There are spiritual realities. For us, it’s enough if we sense that we stand before our Lord, Who is present. That’s why He keeps asking us, “Do you not know that you can walk on water, or that I’m with you?” He asks us to awaken us from our distresses. We are so deep under water, that we need to wake up, because God didn’t make us to drown, to slip under the waves. This is the true man, this is the dignity with which He created us: not to be overwhelmed by the times, but to be above the times. This is today’s beautiful image of our Lord walking on water. And every time we attend Liturgy, we also walk above the water, we lift ourselves up a bit.

We should attempt this in our personal prayer, too. Saint Basil the Great says that if you didn’t concentrate at prayer, at least be aware that you are standing before the King. This is the most important thing. We aren’t saying lofty things about the mind descending into the heart, but rather about this awareness that God is present, He awaits our prayer and receives it. Even if it’s scattered or weak, at least we mumbled something before our Lord. And He receives it as any parent appreciates everything his/her child makes, even if it has no objective value, but for the parent it has great value because his/her child made it. We need this awareness. It doesn’t matter that you’re a sinful mess, but it matters that you know that you belong to God and you stand before Him. This awakens and heals us. God created us to stand before Him. He will teach us to stand on top of the water. You may no longer believe that there is light at the end of the tunnel, but He can make it appear. The fact that you are alive shows that God believes in you. Let Him work. How exactly? By standing before Him, however I may be. Of course, I won’t parade around my mess. I am sinful and humble, but I’m aware that I stand before my Lord. And He has the power to heal me just as He can walk on water.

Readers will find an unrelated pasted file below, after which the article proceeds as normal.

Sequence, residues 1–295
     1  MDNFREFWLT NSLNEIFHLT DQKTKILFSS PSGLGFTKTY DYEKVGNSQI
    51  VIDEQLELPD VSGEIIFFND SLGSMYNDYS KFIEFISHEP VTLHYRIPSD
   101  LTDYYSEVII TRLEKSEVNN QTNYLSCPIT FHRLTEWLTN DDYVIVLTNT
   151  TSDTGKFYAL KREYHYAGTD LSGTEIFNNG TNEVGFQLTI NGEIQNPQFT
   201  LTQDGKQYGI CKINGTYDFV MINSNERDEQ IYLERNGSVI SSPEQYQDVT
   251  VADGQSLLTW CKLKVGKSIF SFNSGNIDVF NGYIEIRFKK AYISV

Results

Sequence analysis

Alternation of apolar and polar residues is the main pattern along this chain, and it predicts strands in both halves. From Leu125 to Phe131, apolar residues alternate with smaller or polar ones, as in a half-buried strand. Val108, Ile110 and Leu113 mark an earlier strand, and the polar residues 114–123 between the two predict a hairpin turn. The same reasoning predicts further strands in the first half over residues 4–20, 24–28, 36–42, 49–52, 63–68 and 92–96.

The image of our Lord walking on water reveals just how much He can achieve with and within us. We need to learn to stand before Him and to let Him heal our hearts, to let Him teach us to walk on water.

We’ll close with an example. I heard recently of a priest in a large city in Romania, who serves at a chapel in a medical institute. This priest serves three or four series of 40 daily Liturgies every year, and he has many other beautiful customs. One day, the director of the medical institute approached this priest to inform him that he would close the chapel and convert it into a waiting room. The priest said nothing, but proposed to his community that everyone start reading from the Psalter. After three days, the director to the priest on his knees, begging forgiveness. In the meantime, several people close to him had died and he realized that his decision to close the chapel was the reason. He asked forgiveness and said that as long as he is director, the priest would not have any problems. Behold, as Saint Paul says, “Do you not know the power that your prayers have?” This priest reveals this to us. I saw this at Putna Monastery, too. If our Father Abbot told the brotherhood to pray for a certain problem, it was resolved quickly. That’s the level of faith there. For any problem, there was recourse to prayer and it was resolved.

          “Do you not know…?!”